How a Braille Contest Serendipitously Accelerated the Use of Digital Audio Players

By Niebrugge, Nancy | Journal of Visual Impairment & Blindness, October-November 2012 | Go to article overview

How a Braille Contest Serendipitously Accelerated the Use of Digital Audio Players


Niebrugge, Nancy, Journal of Visual Impairment & Blindness


When Braille Institute in Los Angeles conceived The Braille Challenge contest more than a decade ago, the goal was to create an innovative way to promote braille literacy. Now that more than 4,500 students over the last 12 years from across the United States and Canada have chosen to participate in The Challenge, it is safe to say that it has been a success.

From a technological standpoint, until last year, The Challenge had been holding back from embracing digital technology. In the past, students were allowed to use manual braillers and cassette tape players. In 2011, the committee responsible for The Challenge (of which I am director) finally took the first step toward using digital technology by requiring participants to use digital audio players instead of analog tapes. This transition gave us a surprising sense of how wide of a gap remains between early adopters of new technology and those who have yet to embrace devices such as accessible MP3 players. We also learned that in order to successfully bridge this gap, the most important thing to do is to ensure that teachers of visually impaired students are provided with relevant and easily digestible ways to learn how to use such new technology.

DECIDING TO USE NEW TECHNOLOGY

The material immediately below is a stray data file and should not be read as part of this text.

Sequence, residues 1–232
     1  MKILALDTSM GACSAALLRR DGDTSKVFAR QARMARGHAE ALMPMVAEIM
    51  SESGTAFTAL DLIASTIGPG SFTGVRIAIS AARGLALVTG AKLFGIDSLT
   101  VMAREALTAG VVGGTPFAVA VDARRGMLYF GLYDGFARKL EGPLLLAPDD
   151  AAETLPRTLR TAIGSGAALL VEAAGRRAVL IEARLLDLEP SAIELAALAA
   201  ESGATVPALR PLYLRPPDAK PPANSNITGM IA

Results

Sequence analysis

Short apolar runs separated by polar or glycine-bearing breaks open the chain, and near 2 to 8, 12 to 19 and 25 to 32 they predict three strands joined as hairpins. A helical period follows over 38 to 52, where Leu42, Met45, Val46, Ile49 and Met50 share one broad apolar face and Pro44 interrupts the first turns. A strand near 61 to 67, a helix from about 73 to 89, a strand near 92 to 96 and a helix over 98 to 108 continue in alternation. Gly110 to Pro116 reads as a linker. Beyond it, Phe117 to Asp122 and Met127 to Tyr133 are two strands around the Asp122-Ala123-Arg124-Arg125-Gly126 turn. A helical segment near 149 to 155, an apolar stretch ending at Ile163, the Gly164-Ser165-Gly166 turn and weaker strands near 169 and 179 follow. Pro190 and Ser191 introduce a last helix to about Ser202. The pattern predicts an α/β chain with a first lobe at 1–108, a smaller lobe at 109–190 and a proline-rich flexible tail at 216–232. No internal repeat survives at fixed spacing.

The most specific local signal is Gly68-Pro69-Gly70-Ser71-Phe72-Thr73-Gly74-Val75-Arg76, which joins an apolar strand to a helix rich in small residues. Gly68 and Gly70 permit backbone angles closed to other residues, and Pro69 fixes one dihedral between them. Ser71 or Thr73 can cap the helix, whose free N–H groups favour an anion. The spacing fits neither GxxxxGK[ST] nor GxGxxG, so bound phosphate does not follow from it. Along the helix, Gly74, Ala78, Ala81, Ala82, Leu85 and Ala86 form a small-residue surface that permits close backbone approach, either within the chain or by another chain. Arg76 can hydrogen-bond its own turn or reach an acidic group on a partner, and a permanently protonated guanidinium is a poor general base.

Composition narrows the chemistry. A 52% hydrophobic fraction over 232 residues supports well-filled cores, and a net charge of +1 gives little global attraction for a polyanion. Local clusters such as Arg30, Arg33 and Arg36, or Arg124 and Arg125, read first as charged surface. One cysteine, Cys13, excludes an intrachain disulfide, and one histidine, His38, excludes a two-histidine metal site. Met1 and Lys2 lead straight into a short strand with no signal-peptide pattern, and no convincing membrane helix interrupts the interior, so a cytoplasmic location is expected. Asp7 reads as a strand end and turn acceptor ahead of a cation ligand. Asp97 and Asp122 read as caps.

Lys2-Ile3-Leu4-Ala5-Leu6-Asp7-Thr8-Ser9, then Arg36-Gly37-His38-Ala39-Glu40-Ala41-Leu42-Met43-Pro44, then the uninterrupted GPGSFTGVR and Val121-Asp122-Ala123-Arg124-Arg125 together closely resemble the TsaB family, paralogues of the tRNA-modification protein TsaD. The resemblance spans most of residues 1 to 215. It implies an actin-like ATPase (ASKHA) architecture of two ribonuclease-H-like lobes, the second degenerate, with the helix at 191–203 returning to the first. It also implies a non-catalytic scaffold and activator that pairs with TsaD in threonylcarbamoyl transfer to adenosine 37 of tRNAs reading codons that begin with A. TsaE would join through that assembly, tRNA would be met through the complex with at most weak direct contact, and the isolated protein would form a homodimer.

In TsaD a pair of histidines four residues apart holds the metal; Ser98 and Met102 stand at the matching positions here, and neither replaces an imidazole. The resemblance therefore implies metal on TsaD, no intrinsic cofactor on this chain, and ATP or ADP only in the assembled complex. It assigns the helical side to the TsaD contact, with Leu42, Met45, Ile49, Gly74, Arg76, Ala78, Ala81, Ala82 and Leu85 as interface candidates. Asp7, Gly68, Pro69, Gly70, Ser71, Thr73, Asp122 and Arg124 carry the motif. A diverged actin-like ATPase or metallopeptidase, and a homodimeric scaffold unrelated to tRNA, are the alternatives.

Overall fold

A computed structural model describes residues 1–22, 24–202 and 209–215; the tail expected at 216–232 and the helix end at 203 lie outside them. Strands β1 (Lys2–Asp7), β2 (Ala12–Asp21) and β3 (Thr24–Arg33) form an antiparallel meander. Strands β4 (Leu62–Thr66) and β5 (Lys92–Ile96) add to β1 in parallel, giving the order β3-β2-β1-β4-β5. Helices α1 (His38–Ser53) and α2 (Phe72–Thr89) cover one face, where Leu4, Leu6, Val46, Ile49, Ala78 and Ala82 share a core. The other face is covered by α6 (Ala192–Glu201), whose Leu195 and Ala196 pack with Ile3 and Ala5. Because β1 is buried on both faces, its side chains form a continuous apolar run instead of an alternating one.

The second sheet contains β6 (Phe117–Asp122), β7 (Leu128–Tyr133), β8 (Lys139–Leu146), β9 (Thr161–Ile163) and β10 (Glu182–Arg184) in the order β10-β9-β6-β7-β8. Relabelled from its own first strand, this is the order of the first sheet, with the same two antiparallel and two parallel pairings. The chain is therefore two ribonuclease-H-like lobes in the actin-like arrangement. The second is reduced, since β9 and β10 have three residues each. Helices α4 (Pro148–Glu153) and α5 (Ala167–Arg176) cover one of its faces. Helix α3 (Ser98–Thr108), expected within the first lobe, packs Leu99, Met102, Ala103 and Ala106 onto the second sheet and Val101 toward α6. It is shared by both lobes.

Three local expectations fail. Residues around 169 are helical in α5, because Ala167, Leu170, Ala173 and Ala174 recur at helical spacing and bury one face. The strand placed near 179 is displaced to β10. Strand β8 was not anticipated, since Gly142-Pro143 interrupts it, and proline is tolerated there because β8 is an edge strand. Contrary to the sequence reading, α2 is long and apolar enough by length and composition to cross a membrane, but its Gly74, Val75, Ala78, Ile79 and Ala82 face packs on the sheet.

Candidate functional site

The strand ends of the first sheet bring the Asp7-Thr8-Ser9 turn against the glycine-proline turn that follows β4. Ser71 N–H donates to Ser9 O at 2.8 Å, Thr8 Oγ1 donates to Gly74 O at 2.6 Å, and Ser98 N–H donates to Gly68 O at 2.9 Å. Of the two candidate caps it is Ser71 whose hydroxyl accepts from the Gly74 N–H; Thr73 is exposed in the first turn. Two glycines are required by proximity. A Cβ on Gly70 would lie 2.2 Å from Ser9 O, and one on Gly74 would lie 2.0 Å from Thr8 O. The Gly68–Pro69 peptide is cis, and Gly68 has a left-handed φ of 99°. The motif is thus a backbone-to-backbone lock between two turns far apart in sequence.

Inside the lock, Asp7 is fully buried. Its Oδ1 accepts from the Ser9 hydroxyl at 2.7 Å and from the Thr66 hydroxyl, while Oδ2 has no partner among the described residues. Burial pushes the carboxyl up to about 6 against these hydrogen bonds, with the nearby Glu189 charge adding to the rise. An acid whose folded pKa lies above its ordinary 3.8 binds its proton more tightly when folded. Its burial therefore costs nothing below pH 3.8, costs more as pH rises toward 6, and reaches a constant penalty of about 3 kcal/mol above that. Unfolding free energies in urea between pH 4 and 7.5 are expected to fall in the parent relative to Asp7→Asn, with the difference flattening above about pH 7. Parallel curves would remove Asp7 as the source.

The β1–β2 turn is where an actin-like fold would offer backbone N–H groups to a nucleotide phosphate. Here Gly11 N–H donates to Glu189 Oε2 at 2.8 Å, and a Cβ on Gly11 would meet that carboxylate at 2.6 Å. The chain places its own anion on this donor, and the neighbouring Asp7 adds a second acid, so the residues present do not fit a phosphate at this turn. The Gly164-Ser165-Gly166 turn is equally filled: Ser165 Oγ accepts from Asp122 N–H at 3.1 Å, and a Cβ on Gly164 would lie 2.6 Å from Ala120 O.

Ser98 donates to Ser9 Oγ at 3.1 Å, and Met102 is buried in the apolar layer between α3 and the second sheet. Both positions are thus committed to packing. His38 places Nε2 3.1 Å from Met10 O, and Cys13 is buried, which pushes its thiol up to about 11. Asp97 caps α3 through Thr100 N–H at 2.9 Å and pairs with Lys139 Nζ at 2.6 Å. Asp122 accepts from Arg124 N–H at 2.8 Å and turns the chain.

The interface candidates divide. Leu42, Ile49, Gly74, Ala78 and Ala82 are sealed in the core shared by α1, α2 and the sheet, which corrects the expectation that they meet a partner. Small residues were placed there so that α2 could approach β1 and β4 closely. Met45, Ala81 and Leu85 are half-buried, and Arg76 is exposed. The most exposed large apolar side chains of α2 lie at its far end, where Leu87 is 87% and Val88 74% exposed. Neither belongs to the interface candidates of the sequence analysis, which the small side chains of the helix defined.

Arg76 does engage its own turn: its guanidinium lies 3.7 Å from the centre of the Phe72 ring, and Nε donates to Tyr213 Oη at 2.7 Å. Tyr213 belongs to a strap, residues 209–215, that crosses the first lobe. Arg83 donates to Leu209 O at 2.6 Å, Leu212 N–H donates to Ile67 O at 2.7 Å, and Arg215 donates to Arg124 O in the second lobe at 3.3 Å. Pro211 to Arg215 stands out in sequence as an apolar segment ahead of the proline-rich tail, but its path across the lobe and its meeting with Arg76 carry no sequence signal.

Those in the field of visual impairment who have embraced new and emerging technologies have wondered why Braille Institute did not choose to make the transition to digital audio players long ago. Because The Challenge is a contest that includes students from across the United States and Canada, we needed to be sure that any device required for the contest was widely available for and familiar to the greatest number of students possible. Affordability was a primary concern for decision-makers, and it is the reason why electronic braille notetakers were not also adopted. Perkins Braillers, the manual braillewriters that are approved for use throughout The Braille Challenge, are available through Federal Quota funds. Electronic braille notetakers are not. It was unreasonable for us to expect that all students, schools, and school districts could afford the more expensive notetaking devices.

The Challenge's Speed and Accuracy contest requires middle- and high school students to listen to a passage and transcribe into braille exactly what they hear as quickly and accurately as possible. In previous years, students have used National Library Service (NLS) Talking Book Players, which are distributed free to all eligible students through regional libraries. Last year, we decided it was time time to make the transition away from the older technology. We decided, based on feedback from participants and regional coordinators, the best place to start was to replace the NLS Talking Book Player with the Bookport Plus from the American Printing House for the Blind (APH) and the Victor Reader Stream manufactured by HumanWare.

Thankfully we were validated in our decisions regarding the timing of the change and our strategy to roll it out. By most reports we received from teachers and proctors of the contest, the majority of the 800-plus students across North America who participated in The Braille Challenge preliminary round in 2011 were quite comfortable using the two digital players. A secondary consequence to our decision, as we learned from feedback we received, is that the 2011 Braille Challenge served as a motivator that inspired some teachers and students to try digital players for the first time. As we reviewed the reactions from participants, it became clear that by its sheer size and scope, this international literacy contest has had the unanticipated ripple effect of accelerating exposure to newer technology.

PLANNING FOR TRANSITION

A good part of the success we enjoyed was due to how we planned the transition. In 2009, the Braille Challenge Advisory Committee, made up of six national experts in the field of visual impairment, began to work out the details of the transition. …

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